Dana Rock  29:13

Yeah, you know, plus one on everything that you’ve just said there, first of all, and I worry that emotions get a bit of a bad rap that we think of, you know, thinking as rational and an emotion is just this kind of fuzzy stuff that we can ignore and push to one side. But, you know, emotions are the common currency of our experience. And everything that we experience in life from eating a cheesecake to you know, engaging with an app, looking something online can be translated into kind of positive, negative feelings that we experience, and how we feel has a really important impact on what we think what we do and what you remember. And that’s why I think it’s really important for us to understand how the things that we designed create those experiences by understanding you know, how people are feeling and how people perhaps want to feel or should feel for, you know, the reasons that you’ve just listed And my evidence for this is I mean, first of all, to just share a piece of a piece of research that looks at the the idea of emotional priming. So, you know, there’s bits of research that basically got two groups of people. And they watched one of two movies. And then they watched an advert which was an advert for a museum and saw lots of people busily kind of visiting the museum. And they were then asked kind of how likely are you? How much do you want to visit the museum having watched the advert, and their response, varied depending on what film they’d watch. So half the group watched the shining, which is the horror film, and it’s pretty awful horror film, isn’t it myself, and the other one watch before sunset, which is a romantic comedy. And they had quite different reactions. And actually, it was the people who watched the horror film, you know, the shining, who were more positive about visiting the art, or the the museum afterwards. And the researchers kind of explore this a little bit. And it comes to an idea of kind of a modular theory of mind so that we’ve got different kind of, they’re not quite modules in a kind of clean, neat, kind of divisible sense, but kind of different modes of operation that can exist in our minds that are linked to some of our kind of basic evolutionary need, where they can be kind of provoked into directing, you know, our emotions direct how we would respond to something. So if you watch a romantic comedy, it kind of prompts a kind of kin seeking, I think is the kind of the term but kind of a bit of feeling a bit lovey dovey makes you want to kind of hide away, you know, more intimate environment be a bit more private, away from the hustle and bustle of people. Whereas fear provoked, you know, really strong fear response, watching something like the shining, actually seeing people is the safety of crowds, it kind of helps to protect you so. So that protective element is what essentially suggests that we’re watching the the, the horror film, the fact that the muse, the advert for the museum had lots of people in people feeling fearful, they’re seeing the crowds as a safe haven, whereas those that inclined towards the kind of akin seeking intimate environment don’t want to be in that space. Now. I think this is a kind of interesting example. Because we don’t always have introspection into what drives our decision making what drives our behavior.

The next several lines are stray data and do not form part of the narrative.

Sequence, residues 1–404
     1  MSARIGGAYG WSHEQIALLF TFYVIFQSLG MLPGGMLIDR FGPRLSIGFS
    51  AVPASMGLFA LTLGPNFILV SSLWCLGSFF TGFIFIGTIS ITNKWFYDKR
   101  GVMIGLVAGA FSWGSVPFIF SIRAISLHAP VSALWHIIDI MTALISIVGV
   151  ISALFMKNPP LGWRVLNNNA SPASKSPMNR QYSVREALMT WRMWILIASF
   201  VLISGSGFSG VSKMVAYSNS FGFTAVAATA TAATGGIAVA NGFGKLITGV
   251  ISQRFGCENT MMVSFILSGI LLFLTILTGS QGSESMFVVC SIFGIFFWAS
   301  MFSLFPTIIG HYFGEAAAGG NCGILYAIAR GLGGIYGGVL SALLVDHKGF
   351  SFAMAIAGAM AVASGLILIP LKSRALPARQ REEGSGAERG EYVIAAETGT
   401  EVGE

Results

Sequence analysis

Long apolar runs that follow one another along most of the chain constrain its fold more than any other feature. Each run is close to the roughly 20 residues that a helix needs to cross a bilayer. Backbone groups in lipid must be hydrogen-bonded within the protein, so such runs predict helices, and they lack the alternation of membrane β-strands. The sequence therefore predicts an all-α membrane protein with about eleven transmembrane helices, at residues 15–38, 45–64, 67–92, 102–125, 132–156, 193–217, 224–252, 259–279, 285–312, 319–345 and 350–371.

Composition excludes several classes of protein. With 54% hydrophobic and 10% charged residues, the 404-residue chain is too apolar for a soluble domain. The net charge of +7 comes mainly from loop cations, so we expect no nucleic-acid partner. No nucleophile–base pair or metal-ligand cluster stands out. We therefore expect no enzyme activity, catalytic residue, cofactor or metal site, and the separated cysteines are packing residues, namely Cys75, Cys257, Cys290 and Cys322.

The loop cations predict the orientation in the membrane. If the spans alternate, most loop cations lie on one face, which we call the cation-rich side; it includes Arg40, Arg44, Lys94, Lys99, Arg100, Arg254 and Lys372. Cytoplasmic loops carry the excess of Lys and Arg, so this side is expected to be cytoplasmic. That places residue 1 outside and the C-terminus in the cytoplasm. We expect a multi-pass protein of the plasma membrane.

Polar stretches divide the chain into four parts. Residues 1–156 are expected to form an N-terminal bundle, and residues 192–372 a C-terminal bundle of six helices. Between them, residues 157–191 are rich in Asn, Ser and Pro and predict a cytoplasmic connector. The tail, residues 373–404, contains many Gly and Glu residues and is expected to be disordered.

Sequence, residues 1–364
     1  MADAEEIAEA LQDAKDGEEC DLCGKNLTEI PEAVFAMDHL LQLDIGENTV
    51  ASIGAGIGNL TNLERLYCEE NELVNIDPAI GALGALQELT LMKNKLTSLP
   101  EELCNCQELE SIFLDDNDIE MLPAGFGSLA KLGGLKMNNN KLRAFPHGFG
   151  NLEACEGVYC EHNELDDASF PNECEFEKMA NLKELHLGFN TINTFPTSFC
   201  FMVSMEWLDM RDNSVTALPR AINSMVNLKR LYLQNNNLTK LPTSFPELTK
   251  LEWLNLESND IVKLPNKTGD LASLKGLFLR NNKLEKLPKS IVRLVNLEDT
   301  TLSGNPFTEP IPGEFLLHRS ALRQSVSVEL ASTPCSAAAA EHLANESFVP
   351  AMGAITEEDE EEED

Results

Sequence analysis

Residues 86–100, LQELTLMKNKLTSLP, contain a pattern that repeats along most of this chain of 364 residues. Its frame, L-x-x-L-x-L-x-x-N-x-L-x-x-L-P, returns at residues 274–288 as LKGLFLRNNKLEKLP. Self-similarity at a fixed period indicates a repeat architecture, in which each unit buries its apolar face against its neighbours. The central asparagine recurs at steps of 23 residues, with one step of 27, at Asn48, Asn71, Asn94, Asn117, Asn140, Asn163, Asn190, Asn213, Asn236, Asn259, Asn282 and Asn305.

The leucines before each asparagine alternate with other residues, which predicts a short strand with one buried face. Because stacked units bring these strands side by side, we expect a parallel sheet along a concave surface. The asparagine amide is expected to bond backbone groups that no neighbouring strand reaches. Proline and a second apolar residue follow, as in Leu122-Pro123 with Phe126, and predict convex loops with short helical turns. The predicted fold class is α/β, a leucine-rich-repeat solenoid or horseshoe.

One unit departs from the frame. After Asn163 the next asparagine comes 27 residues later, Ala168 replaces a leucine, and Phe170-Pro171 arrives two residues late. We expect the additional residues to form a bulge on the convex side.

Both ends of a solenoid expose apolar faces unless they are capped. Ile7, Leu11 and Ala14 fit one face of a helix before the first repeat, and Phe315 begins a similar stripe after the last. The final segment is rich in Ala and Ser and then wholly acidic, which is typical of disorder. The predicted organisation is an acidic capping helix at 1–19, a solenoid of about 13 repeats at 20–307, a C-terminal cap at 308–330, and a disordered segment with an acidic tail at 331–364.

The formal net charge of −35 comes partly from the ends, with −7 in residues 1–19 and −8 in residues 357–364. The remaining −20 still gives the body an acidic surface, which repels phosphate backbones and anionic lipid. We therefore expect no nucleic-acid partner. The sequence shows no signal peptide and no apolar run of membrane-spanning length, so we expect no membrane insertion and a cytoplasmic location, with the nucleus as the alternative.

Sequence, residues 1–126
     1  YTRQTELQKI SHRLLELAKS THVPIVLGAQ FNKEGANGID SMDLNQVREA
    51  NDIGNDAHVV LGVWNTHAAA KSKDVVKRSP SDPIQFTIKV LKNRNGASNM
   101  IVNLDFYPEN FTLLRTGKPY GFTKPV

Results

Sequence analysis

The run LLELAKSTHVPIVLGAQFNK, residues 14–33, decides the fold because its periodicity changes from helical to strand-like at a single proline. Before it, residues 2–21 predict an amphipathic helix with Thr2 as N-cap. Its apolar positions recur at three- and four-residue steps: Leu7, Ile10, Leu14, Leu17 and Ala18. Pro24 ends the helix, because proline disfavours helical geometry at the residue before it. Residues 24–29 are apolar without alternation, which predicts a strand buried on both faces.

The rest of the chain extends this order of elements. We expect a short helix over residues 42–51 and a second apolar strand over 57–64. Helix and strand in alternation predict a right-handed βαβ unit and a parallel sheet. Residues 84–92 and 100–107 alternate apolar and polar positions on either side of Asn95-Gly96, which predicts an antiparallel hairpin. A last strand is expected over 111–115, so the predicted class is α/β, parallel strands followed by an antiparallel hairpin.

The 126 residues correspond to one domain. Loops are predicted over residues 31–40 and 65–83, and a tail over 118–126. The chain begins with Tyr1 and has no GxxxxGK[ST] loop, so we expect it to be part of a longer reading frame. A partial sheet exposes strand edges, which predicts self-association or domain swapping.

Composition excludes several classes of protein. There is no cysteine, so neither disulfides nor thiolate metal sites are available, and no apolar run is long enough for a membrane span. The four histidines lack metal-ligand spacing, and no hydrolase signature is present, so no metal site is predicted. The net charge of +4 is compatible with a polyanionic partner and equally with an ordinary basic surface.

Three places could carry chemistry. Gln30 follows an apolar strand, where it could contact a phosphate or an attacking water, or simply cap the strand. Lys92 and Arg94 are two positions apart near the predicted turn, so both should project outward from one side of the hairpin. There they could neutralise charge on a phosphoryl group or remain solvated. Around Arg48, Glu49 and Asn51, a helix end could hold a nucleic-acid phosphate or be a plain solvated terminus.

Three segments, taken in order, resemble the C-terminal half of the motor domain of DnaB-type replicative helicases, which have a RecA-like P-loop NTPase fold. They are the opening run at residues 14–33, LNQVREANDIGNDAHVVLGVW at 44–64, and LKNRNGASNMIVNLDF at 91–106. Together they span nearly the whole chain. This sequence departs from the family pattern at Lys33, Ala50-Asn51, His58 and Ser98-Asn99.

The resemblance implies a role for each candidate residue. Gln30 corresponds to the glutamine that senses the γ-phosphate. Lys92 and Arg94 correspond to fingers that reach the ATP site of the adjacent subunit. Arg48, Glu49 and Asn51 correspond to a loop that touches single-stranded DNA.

Noz Urbina  32:26

I was just gonna say, This sounds that sounds at a very deep, primal level, because I’m sure there’s a lot of people will go no, no, when I’m scared. I don’t want to be around anybody. But I think that when if you go deep enough into the psyche, like if you’re truly you know, real fear, then that’s your preferences are not part of it anymore. Your your conscious choice, that your mammal instinct kicks in, and says, I’m safer in the in the pack that I am by myself. Yeah, even, even intellectually, you might see it the other way.